Ewen Coleman posted 23 Jan 2010, 11:05 AM

Kia Ora Tamati

You are mana from heaven.  Never have I heard suched reasoned arguements as yours on here, Theatreview, or any other forum.

The line in your final paragraph – the criteria stated does not warrant a seperation of so called “professional” and “community” theatre review areas – encapsulates the thoughts of many of us.

Claire Buckley    posted 23 Jan 2010, 11:22 AM

 Tamati that is a brilliantly well reasoned and clear argument.  I certainly think that you have an even more valid point now that some societies are blurring any definitive lines further with such offerings as Cats, Rent and 42nd street.  These shows have massive ticket prices and are reviewed accordingly, but I think for any audience member attending ,the way the shows are presented, would mean they would have no idea of the difference between professional and amateur.  Venue used to be an indicator, but again not so any longer.  Certainly some of the best shows I have ever seen have been amateur and some of the worse have had paid professionals in them.  I have worked in both areas and can see little difference in resourcing.   Just who gets paid.   And now, that is not even an indicator.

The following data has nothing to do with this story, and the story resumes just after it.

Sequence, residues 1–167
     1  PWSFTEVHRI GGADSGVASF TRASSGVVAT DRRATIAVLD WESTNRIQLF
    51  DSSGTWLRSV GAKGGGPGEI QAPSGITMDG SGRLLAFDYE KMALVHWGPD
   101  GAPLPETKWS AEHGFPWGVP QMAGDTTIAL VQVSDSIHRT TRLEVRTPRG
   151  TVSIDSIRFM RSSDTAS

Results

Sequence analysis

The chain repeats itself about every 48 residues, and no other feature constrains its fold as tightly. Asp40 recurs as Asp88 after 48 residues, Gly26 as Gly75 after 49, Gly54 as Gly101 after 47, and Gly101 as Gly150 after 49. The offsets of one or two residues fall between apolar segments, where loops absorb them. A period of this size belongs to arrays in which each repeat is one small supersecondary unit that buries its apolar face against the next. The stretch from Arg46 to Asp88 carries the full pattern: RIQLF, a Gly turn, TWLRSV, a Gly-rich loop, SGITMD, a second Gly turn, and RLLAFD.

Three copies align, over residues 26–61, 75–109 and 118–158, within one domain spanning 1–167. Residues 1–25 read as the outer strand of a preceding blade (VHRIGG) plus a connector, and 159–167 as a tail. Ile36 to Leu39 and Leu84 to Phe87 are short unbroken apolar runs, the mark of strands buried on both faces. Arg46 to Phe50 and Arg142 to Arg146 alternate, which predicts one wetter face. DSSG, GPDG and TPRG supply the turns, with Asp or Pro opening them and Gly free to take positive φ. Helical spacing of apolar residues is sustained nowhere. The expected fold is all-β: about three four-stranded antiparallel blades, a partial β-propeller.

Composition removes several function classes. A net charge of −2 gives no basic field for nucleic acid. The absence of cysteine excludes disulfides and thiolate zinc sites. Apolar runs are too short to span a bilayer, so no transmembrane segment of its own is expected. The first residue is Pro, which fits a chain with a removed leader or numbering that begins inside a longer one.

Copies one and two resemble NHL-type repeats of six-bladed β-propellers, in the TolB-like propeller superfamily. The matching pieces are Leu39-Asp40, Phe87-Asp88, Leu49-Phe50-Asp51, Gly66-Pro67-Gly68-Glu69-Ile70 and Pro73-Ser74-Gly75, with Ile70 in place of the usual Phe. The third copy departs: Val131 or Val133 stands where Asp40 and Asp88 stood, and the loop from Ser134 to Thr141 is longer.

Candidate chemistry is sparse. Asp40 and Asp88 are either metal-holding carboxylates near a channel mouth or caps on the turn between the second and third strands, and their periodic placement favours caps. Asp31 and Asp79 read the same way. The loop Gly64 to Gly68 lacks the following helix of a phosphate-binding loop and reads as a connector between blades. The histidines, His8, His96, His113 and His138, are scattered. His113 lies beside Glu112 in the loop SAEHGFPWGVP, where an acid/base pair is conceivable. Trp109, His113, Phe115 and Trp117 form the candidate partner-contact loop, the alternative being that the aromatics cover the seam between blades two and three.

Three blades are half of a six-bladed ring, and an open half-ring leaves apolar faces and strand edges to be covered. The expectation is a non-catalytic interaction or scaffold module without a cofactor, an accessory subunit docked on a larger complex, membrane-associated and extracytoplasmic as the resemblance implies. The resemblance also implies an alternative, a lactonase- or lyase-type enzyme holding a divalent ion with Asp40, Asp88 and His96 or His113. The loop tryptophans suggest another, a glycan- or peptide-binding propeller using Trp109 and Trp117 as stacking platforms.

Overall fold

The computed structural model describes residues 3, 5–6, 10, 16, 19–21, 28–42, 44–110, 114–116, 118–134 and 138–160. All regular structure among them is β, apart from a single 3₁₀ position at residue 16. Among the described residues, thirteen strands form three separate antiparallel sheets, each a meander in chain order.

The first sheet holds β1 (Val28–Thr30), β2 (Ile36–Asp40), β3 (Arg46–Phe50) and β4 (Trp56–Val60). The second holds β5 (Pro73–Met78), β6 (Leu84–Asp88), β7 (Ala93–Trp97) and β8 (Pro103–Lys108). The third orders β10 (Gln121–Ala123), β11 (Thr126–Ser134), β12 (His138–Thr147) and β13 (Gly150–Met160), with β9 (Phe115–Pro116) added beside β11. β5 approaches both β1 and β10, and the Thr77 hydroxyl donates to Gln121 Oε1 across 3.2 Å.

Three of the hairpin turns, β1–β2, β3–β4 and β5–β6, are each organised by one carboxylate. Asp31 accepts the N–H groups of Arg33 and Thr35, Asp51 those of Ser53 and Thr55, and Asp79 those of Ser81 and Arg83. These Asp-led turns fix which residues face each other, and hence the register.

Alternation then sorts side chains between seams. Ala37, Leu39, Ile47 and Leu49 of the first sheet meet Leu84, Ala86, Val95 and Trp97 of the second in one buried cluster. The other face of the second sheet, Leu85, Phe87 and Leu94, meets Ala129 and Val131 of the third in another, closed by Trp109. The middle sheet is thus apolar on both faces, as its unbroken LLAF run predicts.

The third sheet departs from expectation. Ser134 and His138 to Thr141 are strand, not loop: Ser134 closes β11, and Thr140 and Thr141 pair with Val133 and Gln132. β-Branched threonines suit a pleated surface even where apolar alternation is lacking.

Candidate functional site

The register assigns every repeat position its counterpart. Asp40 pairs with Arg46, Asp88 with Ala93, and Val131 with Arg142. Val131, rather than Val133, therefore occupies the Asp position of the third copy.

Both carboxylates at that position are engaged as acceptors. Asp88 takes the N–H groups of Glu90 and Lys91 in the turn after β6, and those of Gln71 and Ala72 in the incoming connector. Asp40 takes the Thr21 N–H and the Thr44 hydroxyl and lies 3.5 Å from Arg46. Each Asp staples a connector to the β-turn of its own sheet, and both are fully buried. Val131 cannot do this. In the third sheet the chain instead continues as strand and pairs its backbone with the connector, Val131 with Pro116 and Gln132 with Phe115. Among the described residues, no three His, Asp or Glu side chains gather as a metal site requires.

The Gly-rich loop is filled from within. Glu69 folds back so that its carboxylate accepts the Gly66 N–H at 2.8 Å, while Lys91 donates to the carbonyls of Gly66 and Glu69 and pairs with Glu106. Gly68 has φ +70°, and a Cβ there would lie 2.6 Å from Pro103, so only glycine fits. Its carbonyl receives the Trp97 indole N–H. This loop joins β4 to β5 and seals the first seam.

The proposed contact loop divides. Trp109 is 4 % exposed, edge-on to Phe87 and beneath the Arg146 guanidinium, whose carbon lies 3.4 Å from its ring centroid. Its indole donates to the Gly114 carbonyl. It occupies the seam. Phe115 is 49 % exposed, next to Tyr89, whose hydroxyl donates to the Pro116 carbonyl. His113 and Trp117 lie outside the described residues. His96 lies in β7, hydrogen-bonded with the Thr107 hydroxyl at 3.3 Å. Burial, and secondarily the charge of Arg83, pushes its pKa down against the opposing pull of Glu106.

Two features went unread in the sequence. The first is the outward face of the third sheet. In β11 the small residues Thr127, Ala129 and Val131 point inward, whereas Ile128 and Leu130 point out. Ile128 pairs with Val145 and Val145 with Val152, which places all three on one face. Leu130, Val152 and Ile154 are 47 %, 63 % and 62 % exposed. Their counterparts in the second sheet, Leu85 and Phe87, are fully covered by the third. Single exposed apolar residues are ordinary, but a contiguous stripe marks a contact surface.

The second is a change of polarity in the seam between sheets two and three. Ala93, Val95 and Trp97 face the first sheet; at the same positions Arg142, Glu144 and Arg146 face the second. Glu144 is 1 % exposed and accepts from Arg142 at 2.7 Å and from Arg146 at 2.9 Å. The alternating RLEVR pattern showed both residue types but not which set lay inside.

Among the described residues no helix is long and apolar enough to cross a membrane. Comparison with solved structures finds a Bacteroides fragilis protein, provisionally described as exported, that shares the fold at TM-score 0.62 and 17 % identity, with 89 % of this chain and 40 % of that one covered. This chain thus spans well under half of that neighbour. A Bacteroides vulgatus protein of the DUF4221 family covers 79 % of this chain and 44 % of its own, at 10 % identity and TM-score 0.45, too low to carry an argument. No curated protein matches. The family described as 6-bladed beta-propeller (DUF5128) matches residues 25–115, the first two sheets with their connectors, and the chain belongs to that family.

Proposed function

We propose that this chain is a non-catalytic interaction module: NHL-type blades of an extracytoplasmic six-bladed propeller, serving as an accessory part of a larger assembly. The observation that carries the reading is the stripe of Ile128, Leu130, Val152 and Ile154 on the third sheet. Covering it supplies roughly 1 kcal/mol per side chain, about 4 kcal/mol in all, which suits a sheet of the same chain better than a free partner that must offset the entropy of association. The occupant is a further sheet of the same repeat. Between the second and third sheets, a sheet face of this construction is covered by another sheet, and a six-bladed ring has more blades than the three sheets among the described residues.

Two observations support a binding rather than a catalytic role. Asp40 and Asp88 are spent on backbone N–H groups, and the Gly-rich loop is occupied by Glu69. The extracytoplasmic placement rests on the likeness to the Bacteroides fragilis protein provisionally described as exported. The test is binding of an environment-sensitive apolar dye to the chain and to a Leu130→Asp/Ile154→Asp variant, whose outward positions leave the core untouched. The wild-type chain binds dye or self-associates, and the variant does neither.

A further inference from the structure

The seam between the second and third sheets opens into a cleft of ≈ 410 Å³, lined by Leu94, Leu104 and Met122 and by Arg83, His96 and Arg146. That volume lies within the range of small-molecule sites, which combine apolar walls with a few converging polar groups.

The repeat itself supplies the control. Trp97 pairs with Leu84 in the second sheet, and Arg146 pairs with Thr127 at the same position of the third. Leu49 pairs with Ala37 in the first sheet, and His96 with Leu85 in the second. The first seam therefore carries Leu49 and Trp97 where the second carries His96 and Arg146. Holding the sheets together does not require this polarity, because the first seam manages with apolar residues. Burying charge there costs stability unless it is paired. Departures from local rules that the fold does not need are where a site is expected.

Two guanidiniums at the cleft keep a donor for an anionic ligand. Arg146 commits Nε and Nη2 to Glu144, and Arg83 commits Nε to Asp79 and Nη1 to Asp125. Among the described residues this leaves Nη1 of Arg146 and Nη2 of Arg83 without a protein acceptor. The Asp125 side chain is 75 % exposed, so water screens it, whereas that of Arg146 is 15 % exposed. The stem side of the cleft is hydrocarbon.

John Smythe      posted 23 Jan 2010, 12:01 PM

First, it seems from what Ewen Coleman says (above) that the community theatre network is getting sorted with nation-wide online reviews via the NZ Theatre Federation site. Excellent. While I agree many people still rely on print media reviews for information, more and more punters know if they Google details of a production in NZ they will find any coverage on Theatreview (including links to print reviews) and the same will presumably apply to the community theatre review site. (I trust you guys are talking to Claire Buckley, above, too.)

I don’t disagree with anything you say, Tamati, although you have twisted some of my points a little. Re casting, for example: I just mean we expect ‘professional’ theatres and groups to get it right; we understand community theatres can only do their best with what they can get. Re rehearsals: a ‘professional’ should only commit when they know they can meet the rehearsal and production requirements, and in doing so this becomes their top priority; an ‘amateur’ may commit in good faith then understandably find other priorities keep getting in the way, especially when the rehearsal period is stretched over a longer time.